Minimum essentials, such as line cable, field telephone exchange, batteries for radio sets, booster antennae, generators, spare fuel, and a small cookhouse detachment for the 40 odds of us, were carried in three trucks. We were a convoy of nine vehicles, including my Jonga.
It took a treacherous nine hours to cover the distance through random shelling, potholes/broken patches, and remnants of a highway in the darkness with heavy traffic from the opposite end.
The Briefing (H minus 35)
Three hours after the first light on a subsequent day, over a cup of black tea, the Artillery Brigade Commander of 3 Division gave me these directions – “Peter, do me a favour, please! Just shell the daylights out of the enemy sitting on Jubar”.
Our salvos were not to be part of the conventional Fire Plan but to be delivered at a slotted time (three salvos of 40 rockets from three launchers – total 360 rockets, a payload of 13.8 tons of high explosive and molten metal, and shrapnel on the Jubar feature)
The nearest suitable gun area for deployment/engagement was 29 km away at Hamotingla Pass, located at about 14000 feet AMSL (Above Mean Sea Level). The Staff officers at Brigade Headquarters further briefed me on enemy dispositions, deployments/artillery concentrations/fire arcs and ranges/safety traces for my troops/FLOT (Forward Line of Own Troops), logistics, medical facilities etc.
The excitement grew real and palpable. Word had already reached the Sector about the ferocity and havoc created by the rocket battery in the 8 Division Sector in earlier battles. Own Signal detachments monitoring enemy communications picked up the enemy’s tense excerpts on the radio, fearing the rocket attacks.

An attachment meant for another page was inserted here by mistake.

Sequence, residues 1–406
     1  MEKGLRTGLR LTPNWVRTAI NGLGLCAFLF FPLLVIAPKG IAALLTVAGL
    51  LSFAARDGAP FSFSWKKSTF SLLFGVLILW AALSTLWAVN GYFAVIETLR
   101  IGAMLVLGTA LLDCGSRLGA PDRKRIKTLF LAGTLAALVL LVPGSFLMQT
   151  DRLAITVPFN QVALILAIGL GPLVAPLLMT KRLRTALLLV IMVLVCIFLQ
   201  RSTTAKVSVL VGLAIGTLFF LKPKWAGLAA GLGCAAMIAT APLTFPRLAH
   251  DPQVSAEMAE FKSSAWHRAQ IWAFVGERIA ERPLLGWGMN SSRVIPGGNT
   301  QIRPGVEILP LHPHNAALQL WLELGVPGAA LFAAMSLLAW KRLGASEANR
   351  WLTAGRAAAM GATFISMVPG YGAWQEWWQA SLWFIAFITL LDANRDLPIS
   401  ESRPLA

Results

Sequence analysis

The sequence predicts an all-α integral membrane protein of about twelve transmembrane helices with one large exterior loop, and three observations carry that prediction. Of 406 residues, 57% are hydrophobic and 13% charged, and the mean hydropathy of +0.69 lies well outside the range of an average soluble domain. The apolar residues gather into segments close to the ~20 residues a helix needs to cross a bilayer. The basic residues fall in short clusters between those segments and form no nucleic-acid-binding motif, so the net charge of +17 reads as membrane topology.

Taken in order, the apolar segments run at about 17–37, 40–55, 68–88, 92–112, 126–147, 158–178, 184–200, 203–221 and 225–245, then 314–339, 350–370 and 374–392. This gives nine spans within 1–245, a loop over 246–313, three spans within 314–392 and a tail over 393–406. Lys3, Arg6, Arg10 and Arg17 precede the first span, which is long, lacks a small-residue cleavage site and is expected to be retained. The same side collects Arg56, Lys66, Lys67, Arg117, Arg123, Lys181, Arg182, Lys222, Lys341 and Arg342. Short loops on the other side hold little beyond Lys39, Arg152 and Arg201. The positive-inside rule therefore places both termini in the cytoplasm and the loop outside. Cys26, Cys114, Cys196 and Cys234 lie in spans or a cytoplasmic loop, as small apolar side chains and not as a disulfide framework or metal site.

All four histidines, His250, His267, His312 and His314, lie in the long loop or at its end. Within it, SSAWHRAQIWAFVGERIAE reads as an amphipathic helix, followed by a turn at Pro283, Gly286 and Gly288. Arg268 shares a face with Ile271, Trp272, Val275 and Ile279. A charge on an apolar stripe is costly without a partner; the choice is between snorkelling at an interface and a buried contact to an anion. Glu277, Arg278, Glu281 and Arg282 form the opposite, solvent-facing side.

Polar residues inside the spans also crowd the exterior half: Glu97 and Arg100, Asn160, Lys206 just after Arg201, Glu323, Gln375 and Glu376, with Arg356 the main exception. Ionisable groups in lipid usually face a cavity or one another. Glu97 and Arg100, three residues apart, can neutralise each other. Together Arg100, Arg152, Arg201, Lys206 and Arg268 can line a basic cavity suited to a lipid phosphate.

After Last Light (sunset) that evening, we moved towards the area of intended deployment. Unlike the previous night’s move, this one was more sinister. Sudden bursts of shelling, too close for comfort, fell in and around us. However, the drivers steered through pitch darkness, calm and nimble. By first light on 5 June 1999, we arrived at the Pass. It’s pertinent to mention that there were two medium guns also deployed at Hamotingla onto one flank, ex 286 Medium Regiment, with Captain Karnik as their Skipper. Their team helped us load the launchers – without their support, the time between engagements would have increased.
The Preparation (H hour minus 13)
The flat plinths on Hamotingla Pass were a Gun Position Officer’s (GPO) delight. It was as if nature had created plinths for positioning our launchers.
One major challenge was that technical range tables were factored up to 10000 feet. At the same time, we were deployed at 14000 feet- (not a stumbling block for my technical staff, which offset the variables by brilliant extrapolation). We worked out the Corrector of the Moment (offsets for weather inconsistencies to improve engagement accuracy) by the rough and ready method as Meteorological Data was unavailable.